A thought of the way the new Telegraph writes,
Which pricks down its little sharp sentences spitefully
As if you got more than you'd title to rightfully,
And you find yourself hoping its wild father Lightning
Would flame in for a second and give you fright'ning.
He has perfect sway of what I call a sham metre,
But many admire it, the English pentameter,
And Campbell, I think, wrote most commonly worse,
With less nerve, swing, and fire in the same kind of verse,
Nor e'er achieved aught in 't so worthy of praise
As the tribute of Holmes to the grand Marseillaise.
You went crazy last year over Bulwer's New Timon;
Why, if B., to the day of his dying, should rhyme on,
Heaping verses on verses and tames upon tomes,
He could ne'er reach the best point and vigor of Holmes.
His are just the fine hands, too, to weave you a lyric
Full of fancy, fun, feeling, or spiced with satyric
In a measure so kindly, you doubt if the toes
That are trodden upon are your own or your foes'.

IX. Lowell.

"There is Lowell, who's striving Parnassus to climb
With a whole bale of isms tied together with rhyme,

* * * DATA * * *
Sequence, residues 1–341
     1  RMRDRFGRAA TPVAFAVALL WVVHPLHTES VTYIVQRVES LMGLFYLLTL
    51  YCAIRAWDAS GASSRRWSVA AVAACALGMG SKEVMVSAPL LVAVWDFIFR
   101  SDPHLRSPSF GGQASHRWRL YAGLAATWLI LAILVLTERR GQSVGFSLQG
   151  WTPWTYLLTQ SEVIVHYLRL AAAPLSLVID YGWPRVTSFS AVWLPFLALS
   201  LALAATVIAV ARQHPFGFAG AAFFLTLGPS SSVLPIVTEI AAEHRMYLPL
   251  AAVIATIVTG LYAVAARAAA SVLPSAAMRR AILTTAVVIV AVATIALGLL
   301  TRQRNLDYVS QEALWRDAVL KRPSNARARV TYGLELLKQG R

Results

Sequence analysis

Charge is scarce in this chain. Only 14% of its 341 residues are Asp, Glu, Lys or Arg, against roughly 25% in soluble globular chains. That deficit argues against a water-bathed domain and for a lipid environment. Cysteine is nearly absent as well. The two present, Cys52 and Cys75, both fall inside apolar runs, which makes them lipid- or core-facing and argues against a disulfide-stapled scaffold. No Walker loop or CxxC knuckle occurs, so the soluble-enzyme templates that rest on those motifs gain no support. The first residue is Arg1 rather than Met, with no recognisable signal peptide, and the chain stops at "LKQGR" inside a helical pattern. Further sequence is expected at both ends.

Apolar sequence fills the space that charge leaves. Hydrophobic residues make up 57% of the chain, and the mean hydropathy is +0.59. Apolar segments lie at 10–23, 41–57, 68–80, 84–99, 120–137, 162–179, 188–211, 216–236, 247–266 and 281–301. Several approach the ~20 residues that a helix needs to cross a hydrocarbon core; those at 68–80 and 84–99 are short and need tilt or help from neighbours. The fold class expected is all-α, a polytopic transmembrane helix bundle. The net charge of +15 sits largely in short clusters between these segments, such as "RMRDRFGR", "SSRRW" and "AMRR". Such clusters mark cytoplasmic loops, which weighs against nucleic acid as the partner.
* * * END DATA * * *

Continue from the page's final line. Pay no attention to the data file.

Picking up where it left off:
He might get on alone, spite of brambles and boulders,
But he can't with that bundle he has on his shoulders
The top of the hill he will ne'er come nigh reaching
Till he learns the distinction 'twixt singing and preaching;
His lyre has some chords that would ring pretty well,
But he'd rather by half make a drum of the shell
And rattle away till he's old as Methusalem,
At the head of a march to the last new Jerusalem.

X. Spirit of Ancient Poetry.

"My friends, in the happier days of the muse,
We were luckily free from such things as reviews,
Then naught came between with its fog to make clearer
The heart of the poet to that of his hearer;
Then the poet brought heaven to the people, and they
Felt that they, too, were poets in hearing his lay;